Beast sensor 45 0.82 60.32 33.4 (23.5–58.9) 0.29 (20.42–0.72)
55 0.70 60.27 24.2 (15.6–53.2) 0.64 (20.28–0.89)
65 0.51 60.21 35.0 (22.6–77.1) 0.30 (20.91–0.77)
75 0.34 60.16 40.2 (28.1–70.5) 0.31 (20.40–0.73)
85 0.23 60.15 54.9 (38.9–93.2) 0.27 (20.38–0.70)
*1RM 51 repetition maximum; CV 5coefficient of variation; 95% CI 595% confidence interval;
ICC 5intraclass correlation coefficient.
Feasibility of Seven Devices to Measure Velocity (2019) 00:00
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bench press exercise performed in a Smith machine. Collectively,
the results of this study suggest that all devices, with the exception
of the IMUs (especially the Beast sensor), could be used to obtain
accurate velocity measurements for restricted linear movements.
However, strength and conditioning professionals should be
aware of the presence of heteroscedasticity between these devices,
which could limit the interchangeable use of different devices.
Linear position/velocity transducers have been routinely used
for training and testing purposes (5,16,29). These devices have
been considered the gold-standardto measure barbell velocity
Figure 2. Bland-Altman plots for the measurement of mean velocity between the Trio-OptiTrack system and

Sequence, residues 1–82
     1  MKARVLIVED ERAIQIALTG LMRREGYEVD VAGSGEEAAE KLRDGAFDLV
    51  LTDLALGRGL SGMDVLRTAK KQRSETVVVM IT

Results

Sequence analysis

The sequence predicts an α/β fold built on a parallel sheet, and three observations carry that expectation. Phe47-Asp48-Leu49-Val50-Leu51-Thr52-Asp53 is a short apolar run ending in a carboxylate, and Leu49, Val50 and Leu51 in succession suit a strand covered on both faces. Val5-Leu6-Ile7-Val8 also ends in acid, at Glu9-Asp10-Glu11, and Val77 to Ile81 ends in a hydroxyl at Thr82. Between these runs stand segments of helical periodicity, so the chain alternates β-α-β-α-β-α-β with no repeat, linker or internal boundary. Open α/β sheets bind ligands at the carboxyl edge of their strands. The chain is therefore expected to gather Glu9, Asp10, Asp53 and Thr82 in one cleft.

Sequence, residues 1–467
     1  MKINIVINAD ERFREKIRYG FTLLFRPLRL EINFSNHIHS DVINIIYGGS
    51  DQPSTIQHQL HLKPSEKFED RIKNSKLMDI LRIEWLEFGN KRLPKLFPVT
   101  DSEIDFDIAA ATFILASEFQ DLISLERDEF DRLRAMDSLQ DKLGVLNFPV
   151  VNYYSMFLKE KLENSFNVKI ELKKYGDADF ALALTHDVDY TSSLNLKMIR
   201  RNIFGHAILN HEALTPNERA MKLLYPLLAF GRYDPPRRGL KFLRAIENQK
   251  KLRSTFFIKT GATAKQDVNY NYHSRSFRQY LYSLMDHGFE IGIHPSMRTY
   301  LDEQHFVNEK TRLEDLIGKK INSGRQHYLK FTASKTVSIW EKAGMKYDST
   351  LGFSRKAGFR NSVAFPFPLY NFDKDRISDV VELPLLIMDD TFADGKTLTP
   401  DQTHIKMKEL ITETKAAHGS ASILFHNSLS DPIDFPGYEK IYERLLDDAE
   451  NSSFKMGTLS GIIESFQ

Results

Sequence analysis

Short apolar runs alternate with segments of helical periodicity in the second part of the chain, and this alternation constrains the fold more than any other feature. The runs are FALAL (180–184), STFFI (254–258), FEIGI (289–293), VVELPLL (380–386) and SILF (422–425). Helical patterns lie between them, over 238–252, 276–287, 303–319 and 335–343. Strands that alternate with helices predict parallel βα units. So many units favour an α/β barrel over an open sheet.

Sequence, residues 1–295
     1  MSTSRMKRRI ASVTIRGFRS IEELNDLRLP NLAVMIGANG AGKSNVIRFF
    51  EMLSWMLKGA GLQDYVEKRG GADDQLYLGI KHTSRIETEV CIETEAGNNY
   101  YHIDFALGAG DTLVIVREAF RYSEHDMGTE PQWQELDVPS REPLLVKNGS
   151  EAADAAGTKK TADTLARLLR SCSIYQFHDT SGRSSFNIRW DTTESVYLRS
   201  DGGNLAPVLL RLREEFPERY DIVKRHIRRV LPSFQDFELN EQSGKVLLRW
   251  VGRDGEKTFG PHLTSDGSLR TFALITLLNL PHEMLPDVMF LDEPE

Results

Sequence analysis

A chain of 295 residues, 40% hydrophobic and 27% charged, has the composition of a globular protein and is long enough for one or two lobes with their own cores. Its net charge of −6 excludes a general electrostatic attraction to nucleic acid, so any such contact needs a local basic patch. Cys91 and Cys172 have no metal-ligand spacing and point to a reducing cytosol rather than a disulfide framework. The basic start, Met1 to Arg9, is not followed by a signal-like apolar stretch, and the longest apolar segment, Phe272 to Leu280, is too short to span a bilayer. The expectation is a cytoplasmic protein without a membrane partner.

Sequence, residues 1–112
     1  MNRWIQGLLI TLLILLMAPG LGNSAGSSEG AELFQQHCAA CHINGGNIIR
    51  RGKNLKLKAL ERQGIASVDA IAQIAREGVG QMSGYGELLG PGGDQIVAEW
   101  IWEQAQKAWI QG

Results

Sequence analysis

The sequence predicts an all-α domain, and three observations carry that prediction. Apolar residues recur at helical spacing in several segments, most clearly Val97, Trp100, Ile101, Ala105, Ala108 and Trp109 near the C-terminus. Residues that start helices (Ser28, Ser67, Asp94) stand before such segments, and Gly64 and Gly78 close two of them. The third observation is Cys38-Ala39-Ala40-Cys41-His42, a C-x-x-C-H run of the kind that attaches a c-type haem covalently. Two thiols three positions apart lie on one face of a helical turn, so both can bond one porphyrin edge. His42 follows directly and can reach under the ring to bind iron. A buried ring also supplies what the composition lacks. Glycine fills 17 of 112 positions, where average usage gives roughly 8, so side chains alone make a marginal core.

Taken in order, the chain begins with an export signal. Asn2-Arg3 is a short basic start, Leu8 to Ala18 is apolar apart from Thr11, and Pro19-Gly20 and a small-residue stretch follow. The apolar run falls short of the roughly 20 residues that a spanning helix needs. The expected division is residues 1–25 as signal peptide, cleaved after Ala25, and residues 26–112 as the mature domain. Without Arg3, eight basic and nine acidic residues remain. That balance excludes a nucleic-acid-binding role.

the 7 commercially available devices: T-Force (upper-left panel), Chronojump (upper-right panel), Speed4Lift
(upper middle-left panel), Velowin (upper middle-right panel), PowerLift (lower middle-left panel), PUSH band
(lower middle-right panel), and Beast sensor (lower panel). Each plot depicts the averaged difference and
95% limits of agreement (dashed lines), along with the regression line (solid line).
Feasibility of Seven Devices to Measure Velocity (2019) 00:00 |www.nsca.com
5
Copyright © 2019 National Strength and Conditioning Association. Unauthorized reproduction of this article is prohibited.
in many studies (2,3,5). Specifically, the linear velocity transducer
used in this study (T-Force) has been frequently used to validate
other devices that were designed to measure movement velocity